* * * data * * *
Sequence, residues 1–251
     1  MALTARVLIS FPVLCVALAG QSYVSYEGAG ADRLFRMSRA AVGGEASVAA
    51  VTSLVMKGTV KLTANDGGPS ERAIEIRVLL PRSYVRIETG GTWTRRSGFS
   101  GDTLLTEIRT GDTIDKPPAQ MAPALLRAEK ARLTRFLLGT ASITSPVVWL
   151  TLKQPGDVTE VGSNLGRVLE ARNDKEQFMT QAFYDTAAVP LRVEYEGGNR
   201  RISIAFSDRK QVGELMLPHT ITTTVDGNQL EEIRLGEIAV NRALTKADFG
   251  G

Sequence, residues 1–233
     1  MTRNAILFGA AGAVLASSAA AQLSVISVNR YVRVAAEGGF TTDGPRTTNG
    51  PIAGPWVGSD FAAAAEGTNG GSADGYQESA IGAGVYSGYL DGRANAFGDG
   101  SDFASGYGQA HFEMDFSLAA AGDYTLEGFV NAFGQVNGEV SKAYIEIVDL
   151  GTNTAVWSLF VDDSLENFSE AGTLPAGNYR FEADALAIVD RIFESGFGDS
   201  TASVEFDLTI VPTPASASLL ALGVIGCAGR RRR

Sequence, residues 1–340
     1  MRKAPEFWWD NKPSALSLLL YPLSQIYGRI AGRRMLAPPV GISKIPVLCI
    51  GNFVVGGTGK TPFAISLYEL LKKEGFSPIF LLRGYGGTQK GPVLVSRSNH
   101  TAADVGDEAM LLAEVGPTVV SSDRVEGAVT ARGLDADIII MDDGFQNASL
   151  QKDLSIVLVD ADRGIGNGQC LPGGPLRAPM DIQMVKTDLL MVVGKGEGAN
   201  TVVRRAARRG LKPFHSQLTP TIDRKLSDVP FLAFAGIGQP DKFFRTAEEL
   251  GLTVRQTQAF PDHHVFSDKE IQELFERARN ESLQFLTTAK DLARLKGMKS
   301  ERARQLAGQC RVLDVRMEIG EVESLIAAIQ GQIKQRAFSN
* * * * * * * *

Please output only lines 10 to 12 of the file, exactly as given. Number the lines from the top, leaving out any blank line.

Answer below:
    51  PIAGPWVGSD FAAAAEGTNG GSADGYQESA IGAGVYSGYL DGRANAFGDG
   101  SDFASGYGQA HFEMDFSLAA AGDYTLEGFV NAFGQVNGEV SKAYIEIVDL
   151  GTNTAVWSLF VDDSLENFSE AGTLPAGNYR FEADALAIVD RIFESGFGDS